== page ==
International development has remained a key part of global economic relations since the field emerged more than half a century ago. From its initial focus on colonization and state building, the field has evolved to encompass a wide range of issues, theoretical problems, and disciplinary traditions. The year 1945 is widely considered as a turning point in the study of international development. Three factors account for this: the end of World War II that left the US an economic hegemon, the ideological rivalry that defined the Cold War, and the period of decolonization that peaked around 1960 that forced development issues, including foreign aid, state building, and multilateral engagement, onto the global agenda. Since then, development paradigms have continuously evolved, adapted, and been reinvented to address the persistent and arguably widening gap between the prosperous economies of the “developed North” and the developing and frequently troubled economies of the “global South.” Today, a loosely knit holistic paradigm has emerged that recognizes the deficiencies of its predecessors, yet builds on their strengths. A holistic conception of international development embraces methodological pluralism in the scholarly study of development, while recognizing the multiple ways policy practitioners may productively apply academic theories and research findings in unique settings.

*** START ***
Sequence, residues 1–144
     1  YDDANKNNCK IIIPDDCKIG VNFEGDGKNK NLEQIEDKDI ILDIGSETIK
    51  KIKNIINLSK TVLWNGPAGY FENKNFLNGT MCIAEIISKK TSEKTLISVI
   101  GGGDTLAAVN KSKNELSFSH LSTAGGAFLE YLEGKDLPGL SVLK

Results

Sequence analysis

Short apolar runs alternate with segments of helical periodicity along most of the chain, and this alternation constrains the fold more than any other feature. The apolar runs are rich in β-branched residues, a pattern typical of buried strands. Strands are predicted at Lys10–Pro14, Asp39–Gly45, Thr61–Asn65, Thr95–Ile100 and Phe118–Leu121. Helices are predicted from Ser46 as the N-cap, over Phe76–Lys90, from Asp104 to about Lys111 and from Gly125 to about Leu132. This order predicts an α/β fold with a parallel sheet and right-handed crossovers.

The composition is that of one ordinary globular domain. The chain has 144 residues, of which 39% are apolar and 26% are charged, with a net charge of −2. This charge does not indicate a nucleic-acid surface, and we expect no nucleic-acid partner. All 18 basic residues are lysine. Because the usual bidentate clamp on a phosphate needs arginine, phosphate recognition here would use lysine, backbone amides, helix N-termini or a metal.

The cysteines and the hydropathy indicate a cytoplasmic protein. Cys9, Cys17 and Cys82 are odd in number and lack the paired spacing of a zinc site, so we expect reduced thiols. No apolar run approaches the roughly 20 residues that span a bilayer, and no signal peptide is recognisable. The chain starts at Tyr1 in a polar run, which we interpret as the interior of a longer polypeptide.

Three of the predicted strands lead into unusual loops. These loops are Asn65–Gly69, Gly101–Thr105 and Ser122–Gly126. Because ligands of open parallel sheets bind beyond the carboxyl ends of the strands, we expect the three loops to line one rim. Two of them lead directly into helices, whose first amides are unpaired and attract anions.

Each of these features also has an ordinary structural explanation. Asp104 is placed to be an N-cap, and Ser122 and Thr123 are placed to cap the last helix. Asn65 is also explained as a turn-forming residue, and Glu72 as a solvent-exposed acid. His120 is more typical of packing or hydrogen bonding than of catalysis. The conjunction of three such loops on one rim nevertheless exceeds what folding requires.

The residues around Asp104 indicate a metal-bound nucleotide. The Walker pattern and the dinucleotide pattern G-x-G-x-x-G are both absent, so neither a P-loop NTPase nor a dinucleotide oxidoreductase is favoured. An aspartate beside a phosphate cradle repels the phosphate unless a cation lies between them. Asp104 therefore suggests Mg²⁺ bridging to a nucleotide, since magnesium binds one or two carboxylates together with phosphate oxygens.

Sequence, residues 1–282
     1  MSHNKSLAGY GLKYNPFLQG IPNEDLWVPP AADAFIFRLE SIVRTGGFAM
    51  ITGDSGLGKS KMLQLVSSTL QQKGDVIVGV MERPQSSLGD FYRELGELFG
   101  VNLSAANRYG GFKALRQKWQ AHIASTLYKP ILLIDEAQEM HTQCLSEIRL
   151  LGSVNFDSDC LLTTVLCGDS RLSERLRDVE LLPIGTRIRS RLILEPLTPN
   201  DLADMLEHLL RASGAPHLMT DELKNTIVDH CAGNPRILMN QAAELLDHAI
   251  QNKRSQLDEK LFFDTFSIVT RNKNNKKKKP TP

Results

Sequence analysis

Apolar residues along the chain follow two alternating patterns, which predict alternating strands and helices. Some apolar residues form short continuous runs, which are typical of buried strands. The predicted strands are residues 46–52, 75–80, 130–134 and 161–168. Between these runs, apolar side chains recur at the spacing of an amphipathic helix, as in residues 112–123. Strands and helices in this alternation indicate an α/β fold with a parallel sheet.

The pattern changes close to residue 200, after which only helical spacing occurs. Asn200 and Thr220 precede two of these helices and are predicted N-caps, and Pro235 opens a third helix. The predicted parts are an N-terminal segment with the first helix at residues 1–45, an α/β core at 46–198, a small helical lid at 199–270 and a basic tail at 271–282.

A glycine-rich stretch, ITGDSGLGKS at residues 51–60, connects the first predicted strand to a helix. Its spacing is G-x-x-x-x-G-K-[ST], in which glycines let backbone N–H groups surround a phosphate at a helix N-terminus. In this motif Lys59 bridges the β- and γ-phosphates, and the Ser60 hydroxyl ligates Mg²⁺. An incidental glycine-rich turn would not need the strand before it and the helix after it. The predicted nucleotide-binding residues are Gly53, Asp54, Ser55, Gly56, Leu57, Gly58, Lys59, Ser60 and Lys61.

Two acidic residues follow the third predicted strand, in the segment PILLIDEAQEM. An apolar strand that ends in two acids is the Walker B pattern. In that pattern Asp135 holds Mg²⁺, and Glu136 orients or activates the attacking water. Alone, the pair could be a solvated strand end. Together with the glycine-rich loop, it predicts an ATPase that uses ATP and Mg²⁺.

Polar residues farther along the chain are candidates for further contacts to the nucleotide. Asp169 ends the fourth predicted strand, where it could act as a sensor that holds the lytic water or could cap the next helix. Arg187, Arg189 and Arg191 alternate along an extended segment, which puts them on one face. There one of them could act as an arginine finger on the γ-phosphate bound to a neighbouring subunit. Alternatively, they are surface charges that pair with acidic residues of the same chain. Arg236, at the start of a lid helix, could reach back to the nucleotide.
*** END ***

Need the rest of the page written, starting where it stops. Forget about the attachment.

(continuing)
Before the late 1960s, terrorism was commonly viewed as an internal problem that belonged to the realm of policing rather than foreign policy. The Palestinian Front for the Liberation of Palestine’s airplane hijackings in Europe, combined with the 1972 Munich Olympics wherein eleven Israeli athletes were captured and held hostage by Black September, gave rise to some foundational counterterrorism policy features; for example, no negotiations with terrorists. But it was not until the 1983–1984 attacks on its embassy and the Marine barracks in Beirut that the United States began to see terrorism as a policy concern. The terrorist attacks of September 11 also led scholars to become increasingly interested in integrating work on international terrorism into international relations (IR) and foreign policy theories. The theories of IR, foreign policy concerns of policy makers, and terrorism studies intersect in areas such as the development of international law governing terrorism, poverty, economic development, globalization, military actions, and questions of whether deterrence is still possible in the age of decentralized terrorist groups and suicidal terrorism. Despite decades of research on terrorism and counterterrorism, some very basic and important gaps remain. Issues that the academic literature on foreign policy or terrorism must address include the effects of the evolving organizational structure of terrorist groups, illegal immigration, the radicalization of European Muslims, and the phenomenon recently identified as “swarming.”